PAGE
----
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August 2015
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Learning to Champion for Your Learners: 2015 TESOL Advocacy and Policy Summit

In June, TESOL hosted its ninth annual 2015 TESOL Advocacy & Policy Summit in Washington, DC. Attendance at this year’s summit was the highest TESOL has ever seen with approximately 90 association members, affiliate members, and other TESOL professionals attending the program. While the majority of participants came from across the United States, several traveled internationally to attend as well. The event was sponsored, in part, by the American Federation of Teachers, College Board, and Corwin Press.

Structured with policy updates, advocacy techniques, and Capitol Hill visits, respectively, the program is designed to develop effective and confident champions for policies that support their ELLs. Over the course of 3 days, attendees are briefed on key education policies, learn advocacy skills, network with peers, and share their expert opinions with congressional leaders. By the end of this year’s event, TESOL advocates had visited the offices of more than 120 senators and representatives.

The policy portion of the program kicked off with a panel presentation from the U.S. Department of Justice Office of Civil Rights (OCR) on the rights of ELLs and immigrant students. This year marked the first time that the OCR has presented a panel at the summit. Representing OCR were Jim Ferg-Cadima and Marcel Quinones, who presented on schools’ legal obligations to ELLs and provided new tools and resources for teachers and administrators to ensure their programs are in compliance.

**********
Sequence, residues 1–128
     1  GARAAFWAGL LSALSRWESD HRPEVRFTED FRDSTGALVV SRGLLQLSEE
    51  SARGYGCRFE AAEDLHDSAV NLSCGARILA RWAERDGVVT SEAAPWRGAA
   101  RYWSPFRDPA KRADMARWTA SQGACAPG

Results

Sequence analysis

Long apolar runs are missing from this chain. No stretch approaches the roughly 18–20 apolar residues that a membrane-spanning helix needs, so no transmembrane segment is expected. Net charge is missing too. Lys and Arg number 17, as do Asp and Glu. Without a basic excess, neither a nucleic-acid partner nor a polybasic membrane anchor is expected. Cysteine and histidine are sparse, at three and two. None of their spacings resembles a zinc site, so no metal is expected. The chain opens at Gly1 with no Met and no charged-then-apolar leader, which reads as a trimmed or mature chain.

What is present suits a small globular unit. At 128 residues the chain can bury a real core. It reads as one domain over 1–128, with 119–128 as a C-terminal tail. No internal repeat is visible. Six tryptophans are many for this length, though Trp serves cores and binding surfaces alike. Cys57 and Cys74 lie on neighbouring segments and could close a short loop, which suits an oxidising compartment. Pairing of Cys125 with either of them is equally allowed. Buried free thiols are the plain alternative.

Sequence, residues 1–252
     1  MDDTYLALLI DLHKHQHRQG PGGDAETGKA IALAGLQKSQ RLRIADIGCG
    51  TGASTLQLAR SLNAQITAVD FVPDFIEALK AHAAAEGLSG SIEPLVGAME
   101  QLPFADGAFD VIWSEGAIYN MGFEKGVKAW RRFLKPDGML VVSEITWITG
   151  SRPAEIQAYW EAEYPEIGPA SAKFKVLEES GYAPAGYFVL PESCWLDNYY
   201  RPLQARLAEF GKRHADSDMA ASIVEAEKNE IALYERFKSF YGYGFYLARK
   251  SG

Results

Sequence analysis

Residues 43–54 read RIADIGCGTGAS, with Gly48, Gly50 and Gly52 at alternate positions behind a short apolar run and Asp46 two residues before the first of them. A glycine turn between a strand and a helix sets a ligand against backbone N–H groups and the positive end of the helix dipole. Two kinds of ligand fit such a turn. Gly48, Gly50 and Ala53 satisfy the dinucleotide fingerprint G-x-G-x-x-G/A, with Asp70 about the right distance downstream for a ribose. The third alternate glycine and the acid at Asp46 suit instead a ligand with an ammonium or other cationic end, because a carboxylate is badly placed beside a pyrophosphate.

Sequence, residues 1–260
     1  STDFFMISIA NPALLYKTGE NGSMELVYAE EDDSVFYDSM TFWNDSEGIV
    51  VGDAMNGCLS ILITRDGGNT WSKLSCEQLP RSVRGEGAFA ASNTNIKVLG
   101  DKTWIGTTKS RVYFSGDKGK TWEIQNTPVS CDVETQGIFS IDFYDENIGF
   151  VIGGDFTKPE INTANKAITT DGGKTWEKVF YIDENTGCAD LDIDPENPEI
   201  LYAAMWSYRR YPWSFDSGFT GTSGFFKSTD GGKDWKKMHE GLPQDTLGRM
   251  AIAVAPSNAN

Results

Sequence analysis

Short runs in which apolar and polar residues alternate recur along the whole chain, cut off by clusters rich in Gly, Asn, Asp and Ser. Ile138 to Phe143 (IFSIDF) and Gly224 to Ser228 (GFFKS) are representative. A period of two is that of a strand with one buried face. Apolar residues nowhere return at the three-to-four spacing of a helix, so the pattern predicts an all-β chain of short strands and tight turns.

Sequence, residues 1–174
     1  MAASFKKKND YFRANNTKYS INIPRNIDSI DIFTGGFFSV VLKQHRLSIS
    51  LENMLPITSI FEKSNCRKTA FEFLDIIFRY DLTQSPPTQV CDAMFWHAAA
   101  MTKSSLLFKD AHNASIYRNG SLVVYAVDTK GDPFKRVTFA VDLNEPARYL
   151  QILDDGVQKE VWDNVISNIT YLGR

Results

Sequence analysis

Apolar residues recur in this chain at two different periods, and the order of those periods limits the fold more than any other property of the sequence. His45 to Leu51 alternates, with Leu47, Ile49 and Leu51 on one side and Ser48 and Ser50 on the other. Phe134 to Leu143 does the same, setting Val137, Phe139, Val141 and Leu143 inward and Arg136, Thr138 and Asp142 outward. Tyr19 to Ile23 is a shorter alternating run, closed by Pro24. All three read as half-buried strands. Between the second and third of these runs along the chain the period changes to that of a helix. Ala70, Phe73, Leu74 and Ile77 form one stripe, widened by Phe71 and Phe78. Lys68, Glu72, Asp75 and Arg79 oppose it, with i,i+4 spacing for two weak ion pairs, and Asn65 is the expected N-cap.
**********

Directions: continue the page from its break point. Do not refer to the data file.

Dr. Libi Gil, Assistant Deputy Secretary and Director of the Office of English Language Acquisition (OELA) at the U.S. Department of Education, gave a keynote presentation that launched the second day of the event. Her presentation focused primarily on the value ELLs, the disparities that exist for them within the U.S. educational system, and the importance of advocating for these students. Dr. Gil asserted that ELLs are the responsibility of all educators and administrators, and that they shouldn't be put into a silo for the ESL teachers only. Moreover, she explained, they are national assets and investments—especially given the increasing demand for multilingual, culturally-competent global citizens.


(L-R) TESOL Exec. Dir. Rosa Aronson, TESOL President Andy Curtis, John Segota, Libi Gil, Firdavs Navruzov

Following the keynote, participants engaged in a series of activities to help them learn more about advocacy and prepare them to meet with their members of Congress. To maximize the impact of the summit, participants were also encouraged to meet with key members of Congress serving on the education and appropriations committees, and participants from the same state were encouraged to meet with legislators in small groups.